I get the point of this, but it looks backwards. If you want to take the origin out of the address bar (remember that it is an address bar first and an address bar second; the internet is not Google), at least put the origin on the left side where it logically belongs. Anyway, aside from that, showing just search terms (Google's bias towards search is clearly showing here) makes the address bar entirely pointless for websites that don't have search at all or websites that you rarely/never search (like most interesting web apps). Take Google Analytics (https://www.google.com/analytics/web/
). You'd show the shortened origin (google.com
) and then what... no search terms... so you get a blank bar that does nothing and
doesn't show where specifically you are on Google? This doesn't make sense.
In response to +Peter Kasting
's comment: If Chrome users don't understand that they can search from the address bar, that's probably more of a reason to educate users than to create an entirely new interface and experience that throws everything out the window. For the same audience you're trying to help with this, this exact change would just be different and confusing.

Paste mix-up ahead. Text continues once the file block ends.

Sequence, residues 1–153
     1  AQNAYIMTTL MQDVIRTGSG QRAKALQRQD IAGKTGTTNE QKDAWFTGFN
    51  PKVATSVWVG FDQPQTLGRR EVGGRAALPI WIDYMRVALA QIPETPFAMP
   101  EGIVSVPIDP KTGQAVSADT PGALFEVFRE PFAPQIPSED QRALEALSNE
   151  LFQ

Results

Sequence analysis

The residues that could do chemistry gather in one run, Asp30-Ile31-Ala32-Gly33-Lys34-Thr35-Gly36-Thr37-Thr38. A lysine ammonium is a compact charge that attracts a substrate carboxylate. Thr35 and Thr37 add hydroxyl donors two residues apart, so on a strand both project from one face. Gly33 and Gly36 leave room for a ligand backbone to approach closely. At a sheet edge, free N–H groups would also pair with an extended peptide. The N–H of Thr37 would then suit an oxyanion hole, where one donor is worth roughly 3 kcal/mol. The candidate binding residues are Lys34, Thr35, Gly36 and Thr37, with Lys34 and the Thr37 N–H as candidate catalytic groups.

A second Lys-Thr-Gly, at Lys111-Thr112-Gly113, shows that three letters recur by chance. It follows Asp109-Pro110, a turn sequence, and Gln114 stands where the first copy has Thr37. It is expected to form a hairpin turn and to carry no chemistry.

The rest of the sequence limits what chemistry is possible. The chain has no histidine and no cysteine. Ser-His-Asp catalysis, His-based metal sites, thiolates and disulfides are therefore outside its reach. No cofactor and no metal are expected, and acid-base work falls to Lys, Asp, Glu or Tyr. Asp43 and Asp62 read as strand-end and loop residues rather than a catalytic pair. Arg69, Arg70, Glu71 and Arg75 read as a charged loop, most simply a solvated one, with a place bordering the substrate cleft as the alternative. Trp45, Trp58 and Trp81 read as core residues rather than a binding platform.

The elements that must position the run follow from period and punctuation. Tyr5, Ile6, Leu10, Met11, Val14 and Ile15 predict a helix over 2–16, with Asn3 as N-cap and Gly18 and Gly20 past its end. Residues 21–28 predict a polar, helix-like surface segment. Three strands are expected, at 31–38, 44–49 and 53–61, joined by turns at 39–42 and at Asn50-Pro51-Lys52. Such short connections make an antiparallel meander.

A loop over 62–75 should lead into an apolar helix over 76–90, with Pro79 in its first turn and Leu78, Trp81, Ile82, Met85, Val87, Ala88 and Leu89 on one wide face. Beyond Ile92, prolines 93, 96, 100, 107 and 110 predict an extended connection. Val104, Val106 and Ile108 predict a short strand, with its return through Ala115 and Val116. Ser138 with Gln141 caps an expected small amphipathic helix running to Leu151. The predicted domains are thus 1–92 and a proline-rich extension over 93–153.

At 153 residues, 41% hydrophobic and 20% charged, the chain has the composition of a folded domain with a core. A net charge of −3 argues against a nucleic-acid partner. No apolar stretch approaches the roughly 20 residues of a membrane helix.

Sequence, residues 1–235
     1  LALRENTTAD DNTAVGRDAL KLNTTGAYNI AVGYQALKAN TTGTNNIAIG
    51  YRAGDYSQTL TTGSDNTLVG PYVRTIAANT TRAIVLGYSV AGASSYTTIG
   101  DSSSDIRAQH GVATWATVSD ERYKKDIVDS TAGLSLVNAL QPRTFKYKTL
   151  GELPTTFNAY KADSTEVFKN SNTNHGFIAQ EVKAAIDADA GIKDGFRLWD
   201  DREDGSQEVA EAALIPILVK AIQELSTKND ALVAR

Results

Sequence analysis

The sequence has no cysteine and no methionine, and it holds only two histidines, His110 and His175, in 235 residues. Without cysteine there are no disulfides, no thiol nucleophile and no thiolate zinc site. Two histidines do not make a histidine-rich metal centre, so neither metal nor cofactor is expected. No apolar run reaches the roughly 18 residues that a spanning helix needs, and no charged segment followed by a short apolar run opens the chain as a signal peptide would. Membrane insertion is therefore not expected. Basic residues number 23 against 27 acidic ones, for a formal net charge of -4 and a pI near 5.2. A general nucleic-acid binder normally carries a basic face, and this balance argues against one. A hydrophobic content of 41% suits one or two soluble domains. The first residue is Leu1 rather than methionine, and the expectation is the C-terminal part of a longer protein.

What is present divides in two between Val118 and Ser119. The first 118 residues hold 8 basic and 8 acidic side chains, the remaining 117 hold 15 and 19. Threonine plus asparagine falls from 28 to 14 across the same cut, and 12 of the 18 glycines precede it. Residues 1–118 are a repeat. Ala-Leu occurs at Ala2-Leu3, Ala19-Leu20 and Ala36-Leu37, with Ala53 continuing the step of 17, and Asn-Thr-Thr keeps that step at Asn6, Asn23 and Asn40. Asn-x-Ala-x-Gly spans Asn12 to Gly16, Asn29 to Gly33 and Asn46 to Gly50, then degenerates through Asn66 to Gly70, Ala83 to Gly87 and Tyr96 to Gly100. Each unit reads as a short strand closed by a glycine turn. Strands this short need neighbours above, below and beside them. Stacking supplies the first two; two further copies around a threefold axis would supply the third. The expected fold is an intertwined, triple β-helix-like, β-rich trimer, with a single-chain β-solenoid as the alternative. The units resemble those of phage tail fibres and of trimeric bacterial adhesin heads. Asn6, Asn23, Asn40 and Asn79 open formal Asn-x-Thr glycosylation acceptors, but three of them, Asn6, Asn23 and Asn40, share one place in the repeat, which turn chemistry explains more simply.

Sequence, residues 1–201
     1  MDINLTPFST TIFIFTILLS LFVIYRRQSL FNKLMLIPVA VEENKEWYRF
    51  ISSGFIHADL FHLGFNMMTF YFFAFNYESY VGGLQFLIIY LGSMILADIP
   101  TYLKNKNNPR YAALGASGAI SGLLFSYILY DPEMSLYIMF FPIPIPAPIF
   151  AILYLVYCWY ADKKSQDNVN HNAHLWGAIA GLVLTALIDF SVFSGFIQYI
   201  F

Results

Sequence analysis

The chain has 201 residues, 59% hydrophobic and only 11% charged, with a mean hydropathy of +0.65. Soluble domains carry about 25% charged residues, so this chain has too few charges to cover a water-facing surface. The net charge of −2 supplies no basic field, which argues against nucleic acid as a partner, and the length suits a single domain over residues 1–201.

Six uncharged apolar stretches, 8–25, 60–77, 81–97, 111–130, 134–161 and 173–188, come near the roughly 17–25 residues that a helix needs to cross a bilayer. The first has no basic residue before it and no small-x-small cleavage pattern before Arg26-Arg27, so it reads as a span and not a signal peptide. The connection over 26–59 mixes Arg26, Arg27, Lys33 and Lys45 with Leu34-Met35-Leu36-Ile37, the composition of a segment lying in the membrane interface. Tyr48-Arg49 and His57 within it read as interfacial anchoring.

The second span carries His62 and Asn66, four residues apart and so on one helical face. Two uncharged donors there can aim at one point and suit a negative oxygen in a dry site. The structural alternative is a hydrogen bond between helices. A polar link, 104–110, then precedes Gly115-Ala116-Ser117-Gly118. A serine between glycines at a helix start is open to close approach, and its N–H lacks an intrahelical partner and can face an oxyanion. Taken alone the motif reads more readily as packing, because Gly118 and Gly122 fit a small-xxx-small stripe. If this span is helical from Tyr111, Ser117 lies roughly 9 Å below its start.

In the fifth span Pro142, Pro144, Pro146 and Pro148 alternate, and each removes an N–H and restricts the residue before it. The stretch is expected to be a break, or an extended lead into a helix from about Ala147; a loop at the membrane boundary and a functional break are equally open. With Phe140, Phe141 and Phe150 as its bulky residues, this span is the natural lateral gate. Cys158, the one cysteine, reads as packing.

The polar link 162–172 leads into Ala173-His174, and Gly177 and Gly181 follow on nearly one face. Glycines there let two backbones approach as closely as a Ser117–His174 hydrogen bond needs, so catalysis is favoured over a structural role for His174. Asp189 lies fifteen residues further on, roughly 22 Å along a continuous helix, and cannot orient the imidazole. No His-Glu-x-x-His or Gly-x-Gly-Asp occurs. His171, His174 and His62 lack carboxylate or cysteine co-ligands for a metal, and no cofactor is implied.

This is a lot like EV certificates. I expect that if this ever does last in Chrome, it will look just like an EV cert (and hopefully in the same logical location) that, instead of showing the company name is green, it shows the origin and is grey. With it like that, it would be clearly distinct and not editable (unless you backspaced that far or clicked directly on it, like email addresses in Gmail's compose window). Websites could then be able to opt-in to making a parameter the search bar's input using, for example, a meta tag. I think this would accomplish the same goal without any crazy drastic changes to UI or, more importantly, UX.